This was published under the 2010 to 2015 Conservative and Liberal Democrat coalition government
Foreign Secretary William Hague spoke at the Heart of Asia conference in Afghanistan on 14 June.
It is a pleasure to be here in Kabul. I thank President Karzai and the Afghan Government for hosting this important conference; and I welcome their commitment to stronger regional cooperation between the Heart of Asia countries.
I also thank the Turkish Foreign Minister for his Government’s leadership at the Istanbul Conference in November last year, and for giving impetus to this important vision.
Each of our countries has a different history in this region and different relations with Afghanistan. But I believe that certain truths are evident to us all:
We all know that the Afghan people need the active support of neighbours and friends as they pursue the peace and stability that has eluded them for so long.
And in the same way, our own interests depend on Afghanistan being successful in that task. Our understanding of that in the United Kingdom is why we have made so many sacrifices to contribute to Afghan stability and our own national security for more than a decade.
But Afghanistan’s nieghbours have an even greater stake in the country’s future stability.
All nations, wherever they are in the world, depend on a peaceful and prosperous neighbourhood if they are to thrive, if their citizens are to enjoy wide opportunities and if their economies are to grow and reach their full potential.
This requires countries to come together to address urgent problems that affect them all, irrespective of where these problems arise. This is not just true for Asia, it is true across for all regions in the world and for the international community as a whole.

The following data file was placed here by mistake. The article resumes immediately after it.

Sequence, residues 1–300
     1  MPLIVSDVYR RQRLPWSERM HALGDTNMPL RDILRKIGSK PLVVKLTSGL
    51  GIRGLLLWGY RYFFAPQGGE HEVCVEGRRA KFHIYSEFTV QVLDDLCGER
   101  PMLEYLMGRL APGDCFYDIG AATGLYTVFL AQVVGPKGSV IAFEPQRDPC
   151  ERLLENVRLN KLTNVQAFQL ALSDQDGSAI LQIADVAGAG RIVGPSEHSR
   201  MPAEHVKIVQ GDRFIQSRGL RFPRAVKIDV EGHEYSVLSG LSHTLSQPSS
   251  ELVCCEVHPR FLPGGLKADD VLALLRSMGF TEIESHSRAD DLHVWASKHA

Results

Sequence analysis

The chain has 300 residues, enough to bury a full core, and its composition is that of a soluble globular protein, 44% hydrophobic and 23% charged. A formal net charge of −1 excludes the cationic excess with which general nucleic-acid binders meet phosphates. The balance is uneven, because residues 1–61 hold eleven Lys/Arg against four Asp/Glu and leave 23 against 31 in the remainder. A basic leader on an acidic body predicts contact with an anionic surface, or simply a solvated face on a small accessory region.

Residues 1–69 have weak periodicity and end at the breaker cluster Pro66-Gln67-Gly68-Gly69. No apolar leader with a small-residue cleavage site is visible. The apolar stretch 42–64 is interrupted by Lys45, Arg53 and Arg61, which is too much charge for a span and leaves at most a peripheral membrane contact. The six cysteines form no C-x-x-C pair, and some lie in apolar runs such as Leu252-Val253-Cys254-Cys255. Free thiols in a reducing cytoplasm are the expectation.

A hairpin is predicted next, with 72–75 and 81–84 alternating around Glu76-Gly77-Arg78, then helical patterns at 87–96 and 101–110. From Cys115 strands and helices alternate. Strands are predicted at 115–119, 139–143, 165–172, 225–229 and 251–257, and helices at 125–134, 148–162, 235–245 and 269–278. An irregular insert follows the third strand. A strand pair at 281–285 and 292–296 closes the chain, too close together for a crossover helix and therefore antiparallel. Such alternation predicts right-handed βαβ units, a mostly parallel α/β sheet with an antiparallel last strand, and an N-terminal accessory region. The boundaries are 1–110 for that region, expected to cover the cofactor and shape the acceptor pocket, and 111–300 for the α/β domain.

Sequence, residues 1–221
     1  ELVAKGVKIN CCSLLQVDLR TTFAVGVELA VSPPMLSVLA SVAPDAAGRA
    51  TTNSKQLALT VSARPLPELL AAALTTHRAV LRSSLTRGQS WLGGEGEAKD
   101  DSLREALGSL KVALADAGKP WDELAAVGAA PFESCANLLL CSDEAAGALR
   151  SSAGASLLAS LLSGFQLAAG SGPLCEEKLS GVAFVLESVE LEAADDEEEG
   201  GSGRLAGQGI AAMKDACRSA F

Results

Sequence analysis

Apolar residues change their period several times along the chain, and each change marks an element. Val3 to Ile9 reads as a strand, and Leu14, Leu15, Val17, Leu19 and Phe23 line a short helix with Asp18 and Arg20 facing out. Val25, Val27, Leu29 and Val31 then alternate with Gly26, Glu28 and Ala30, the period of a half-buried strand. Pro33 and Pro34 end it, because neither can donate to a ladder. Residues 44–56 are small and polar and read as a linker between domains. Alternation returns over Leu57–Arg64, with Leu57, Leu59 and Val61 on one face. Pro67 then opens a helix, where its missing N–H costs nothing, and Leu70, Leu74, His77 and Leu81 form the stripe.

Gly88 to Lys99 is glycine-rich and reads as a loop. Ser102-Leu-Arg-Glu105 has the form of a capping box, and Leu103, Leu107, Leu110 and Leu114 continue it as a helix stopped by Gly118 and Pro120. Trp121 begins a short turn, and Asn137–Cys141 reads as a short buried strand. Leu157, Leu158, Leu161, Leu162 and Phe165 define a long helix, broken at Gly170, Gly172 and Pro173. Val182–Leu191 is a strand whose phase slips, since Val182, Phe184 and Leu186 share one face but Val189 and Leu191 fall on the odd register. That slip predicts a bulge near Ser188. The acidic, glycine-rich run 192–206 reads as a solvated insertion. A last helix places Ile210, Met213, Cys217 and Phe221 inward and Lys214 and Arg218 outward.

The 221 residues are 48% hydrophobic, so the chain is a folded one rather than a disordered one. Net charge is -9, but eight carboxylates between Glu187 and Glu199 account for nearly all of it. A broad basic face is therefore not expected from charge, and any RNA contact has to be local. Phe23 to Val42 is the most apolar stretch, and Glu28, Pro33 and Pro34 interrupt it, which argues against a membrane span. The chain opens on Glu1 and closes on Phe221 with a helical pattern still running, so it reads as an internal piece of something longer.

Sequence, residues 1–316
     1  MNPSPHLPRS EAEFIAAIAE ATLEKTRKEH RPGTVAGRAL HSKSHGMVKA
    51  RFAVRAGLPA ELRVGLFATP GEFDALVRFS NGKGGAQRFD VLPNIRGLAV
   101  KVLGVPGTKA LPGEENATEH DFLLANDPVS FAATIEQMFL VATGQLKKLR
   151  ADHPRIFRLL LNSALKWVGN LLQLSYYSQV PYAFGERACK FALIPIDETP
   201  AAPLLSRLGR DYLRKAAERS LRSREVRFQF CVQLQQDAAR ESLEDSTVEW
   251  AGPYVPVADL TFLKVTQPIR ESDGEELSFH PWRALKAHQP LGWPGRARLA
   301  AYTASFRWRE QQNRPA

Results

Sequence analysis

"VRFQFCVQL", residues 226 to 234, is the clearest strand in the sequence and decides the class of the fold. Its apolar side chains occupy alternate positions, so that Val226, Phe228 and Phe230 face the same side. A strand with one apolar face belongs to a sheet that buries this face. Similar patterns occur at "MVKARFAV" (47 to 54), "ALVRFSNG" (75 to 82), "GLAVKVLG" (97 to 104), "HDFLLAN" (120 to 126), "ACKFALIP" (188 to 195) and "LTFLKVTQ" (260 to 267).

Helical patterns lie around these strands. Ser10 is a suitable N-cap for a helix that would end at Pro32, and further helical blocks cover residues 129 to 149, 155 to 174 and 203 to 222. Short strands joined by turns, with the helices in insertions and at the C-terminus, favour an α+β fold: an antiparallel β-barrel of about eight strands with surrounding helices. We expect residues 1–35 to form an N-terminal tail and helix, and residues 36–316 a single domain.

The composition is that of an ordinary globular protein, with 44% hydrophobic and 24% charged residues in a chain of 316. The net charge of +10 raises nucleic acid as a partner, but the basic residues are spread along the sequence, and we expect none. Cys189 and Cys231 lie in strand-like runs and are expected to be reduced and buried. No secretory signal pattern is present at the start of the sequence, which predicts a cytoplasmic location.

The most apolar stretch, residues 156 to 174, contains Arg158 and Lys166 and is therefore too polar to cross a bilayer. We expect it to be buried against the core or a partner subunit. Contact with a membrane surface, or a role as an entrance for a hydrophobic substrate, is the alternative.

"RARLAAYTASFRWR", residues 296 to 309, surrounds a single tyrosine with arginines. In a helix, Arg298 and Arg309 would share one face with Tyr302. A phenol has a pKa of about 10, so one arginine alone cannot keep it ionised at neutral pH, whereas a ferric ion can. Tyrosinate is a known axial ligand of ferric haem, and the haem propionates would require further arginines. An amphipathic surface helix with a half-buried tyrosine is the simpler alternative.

My country, along with NATO and ISAF allies, has played a significant role in Afghanistan in recent years and we will be a reliable friend for the future.
We have pledged an enduring commitment to Afghanistan - most recently at the Chicago Summit but also in the Strategic Partnership Agreement we signed this year - and we will demonstrate further commitment at the Tokyo Conference in July.
But our role and involvement in Afghanistan will undoubtedly change from the end of 2014.
This will be an important moment in Afghanistan’s history, and therefore for the region as a whole.
As the Afghan Government and people prepare for this period, all of the countries gathered here have a responsibility to support them in their peace-building and state-building efforts, while always respecting Afghan sovereignty and territorial integrity.
This is not a zero sum game: by supporting Afghanistan in specific ways all of us are investing in our mutual security and prosperity.
Afghanistan faces formidable problems - but all these problems will be far harder to address without a sustained regional effort to support the country, and without such an effort the threats to the whole region will be even greater still.